Tag Archives: Boeing 737

Silk Way announces an order for 10 737 MAX 8s

The first Boeing 737 MAX 8

Silk Way and Boeing announced an order for 10 737 MAX 8 airplanes. The order, valued at $1.1 billion at current list prices, was previously attributed to an unidentified customer on the Boeing Orders & Deliveries website.

 

Azerbaijan-based Silk Way Group includes 23 companies working in the aviation industry and related services including passenger and cargo airlines. The airline currently operates seven Boeing airplanes, including two 767-300 Freighters, three 747-400 Freighters and three 747-8 Freighters.

Copyright Photo: Boeing 737-8 MAX 8 SSWL N8701Q (msn 42554) BFI (Steve Bailey). Image: 931526.

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Iran Aseman Airlines signs MOA for 30 Boeing 737 MAX aircraft

Boeing 737-8 MAX 8 SSWL N8703J (msn 42556) BFI (Nick Dean). Image: 934344.

Boeing confirms the signing of a Memorandum of Agreement (MOA) with Iran Aseman Airlines, expressing the airline’s intent to purchase 30 Boeing 737 MAX airplanes with a list price value of $3 billion. The agreement also provides the airline with purchase rights for 30 additional 737 MAXs.

According to the U.S. Department of Commerce, an aerospace sale of this magnitude creates or sustains approximately 18,000 jobs in the United States. Deliveries would be scheduled to start in 2022.

Boeing negotiated the MOA under authorizations from the U.S. government following a determination that Iran had met its obligations under the nuclear accord signed in 2015. Boeing will look to the Office of Foreign Assets Control for approval to perform under this transaction. Boeing continues to follow the lead of the U.S. government with regards to working with Iran’s airlines, and any and all contracts with Iran’s airlines are contingent upon U.S. government approval.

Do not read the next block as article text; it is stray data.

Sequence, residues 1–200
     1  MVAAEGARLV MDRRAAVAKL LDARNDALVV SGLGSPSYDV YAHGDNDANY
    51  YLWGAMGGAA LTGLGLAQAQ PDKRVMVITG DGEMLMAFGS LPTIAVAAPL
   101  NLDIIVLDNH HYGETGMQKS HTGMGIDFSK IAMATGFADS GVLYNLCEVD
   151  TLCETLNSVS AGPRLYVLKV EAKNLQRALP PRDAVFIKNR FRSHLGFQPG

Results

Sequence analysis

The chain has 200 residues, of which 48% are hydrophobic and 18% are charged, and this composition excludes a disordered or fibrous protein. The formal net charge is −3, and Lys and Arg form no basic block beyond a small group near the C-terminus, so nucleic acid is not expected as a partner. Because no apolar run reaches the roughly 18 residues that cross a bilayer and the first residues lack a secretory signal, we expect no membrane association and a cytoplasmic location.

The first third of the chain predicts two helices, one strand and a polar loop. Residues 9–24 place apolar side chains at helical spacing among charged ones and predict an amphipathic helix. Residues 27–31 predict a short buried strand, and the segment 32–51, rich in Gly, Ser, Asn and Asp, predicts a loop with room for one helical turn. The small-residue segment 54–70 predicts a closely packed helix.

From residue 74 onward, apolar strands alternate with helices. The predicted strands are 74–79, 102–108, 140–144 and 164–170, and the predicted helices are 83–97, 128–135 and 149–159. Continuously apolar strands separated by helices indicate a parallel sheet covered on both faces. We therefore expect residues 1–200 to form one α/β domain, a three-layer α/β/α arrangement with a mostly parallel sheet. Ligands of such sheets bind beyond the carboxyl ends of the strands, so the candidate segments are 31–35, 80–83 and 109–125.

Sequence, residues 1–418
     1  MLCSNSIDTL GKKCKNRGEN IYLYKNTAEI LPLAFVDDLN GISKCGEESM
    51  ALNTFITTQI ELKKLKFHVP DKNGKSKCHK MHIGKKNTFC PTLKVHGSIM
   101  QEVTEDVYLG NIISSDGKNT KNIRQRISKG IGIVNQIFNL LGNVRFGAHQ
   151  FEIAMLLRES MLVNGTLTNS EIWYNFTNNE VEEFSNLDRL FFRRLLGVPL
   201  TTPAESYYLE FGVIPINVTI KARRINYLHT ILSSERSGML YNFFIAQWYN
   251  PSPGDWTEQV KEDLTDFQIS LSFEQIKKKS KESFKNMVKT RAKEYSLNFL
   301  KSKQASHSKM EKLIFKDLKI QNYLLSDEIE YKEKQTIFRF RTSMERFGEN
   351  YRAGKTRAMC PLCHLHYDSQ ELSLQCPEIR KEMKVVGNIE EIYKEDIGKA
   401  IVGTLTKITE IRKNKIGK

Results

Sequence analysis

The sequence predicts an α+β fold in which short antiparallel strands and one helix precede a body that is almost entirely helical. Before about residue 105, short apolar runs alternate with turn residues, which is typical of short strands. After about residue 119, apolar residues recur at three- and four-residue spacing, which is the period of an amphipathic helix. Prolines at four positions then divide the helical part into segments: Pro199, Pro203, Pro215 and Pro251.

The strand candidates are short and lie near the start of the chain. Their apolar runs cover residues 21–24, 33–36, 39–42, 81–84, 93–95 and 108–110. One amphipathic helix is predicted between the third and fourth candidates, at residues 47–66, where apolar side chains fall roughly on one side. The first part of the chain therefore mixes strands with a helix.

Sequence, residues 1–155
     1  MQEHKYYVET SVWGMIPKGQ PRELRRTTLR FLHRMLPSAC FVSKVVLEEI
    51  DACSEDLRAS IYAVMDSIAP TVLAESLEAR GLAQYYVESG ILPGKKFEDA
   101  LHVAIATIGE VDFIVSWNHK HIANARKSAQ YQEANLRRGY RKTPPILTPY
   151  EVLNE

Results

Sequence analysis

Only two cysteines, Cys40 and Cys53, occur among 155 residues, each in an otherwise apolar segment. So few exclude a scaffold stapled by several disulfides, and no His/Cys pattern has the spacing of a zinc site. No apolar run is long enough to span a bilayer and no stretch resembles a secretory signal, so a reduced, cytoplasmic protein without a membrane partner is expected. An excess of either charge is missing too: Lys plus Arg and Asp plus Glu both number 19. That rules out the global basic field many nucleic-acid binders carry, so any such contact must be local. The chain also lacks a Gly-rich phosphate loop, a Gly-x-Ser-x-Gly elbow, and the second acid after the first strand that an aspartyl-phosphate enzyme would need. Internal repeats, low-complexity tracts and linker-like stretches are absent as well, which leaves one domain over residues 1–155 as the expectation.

Copyright Photo: Boeing 737-8 MAX 8 SSWL N8703J (msn 42556) BFI (Nick Dean). Image: 934344.

Flybondi selects the Boeing 737-800 as its launch aircraft

Flybondi (flybondi.com) (Buenos Aires), a new low-cost carrier in Argentina, has selected the Boeing 737-800 as its launch aircraft. The new carrier is planning to launch operations in September 2017.

The new airline would also like to add the Boeing 737 MAX 200.

Video:

Gol introduces its #VoaCanarinho logo jet

Gol Linhas Aereas has rolled out this Boeing 737-8EH registered PR-GUK (msn 35852) on March 3, 2017. The new logo jet is named #VoaCanarinho because of the yellow canary on the tail.

The airline and Confederação Brasileira de Futebol renewed their partnership for four more years.

#Voacanarinho!

Gol is the official airline of the Brazilian National Football Team.

Photos: Gol.

Lufthansa’s last Boeing 737-300 makes it to Sanford, Florida

Lufthansa Boeing 737-330 D-ABEC (msn 25149) NUE (Gunter Mayer). Image: 936542.

As previously reported, on October 31, 2016 Lufthansa issued this statement:

On October 31, 2016 Lufthansa said goodbye to its Boeing 737 fleet after 48 years. This marks the end of an era for Lufthansa, spanning almost 50 years.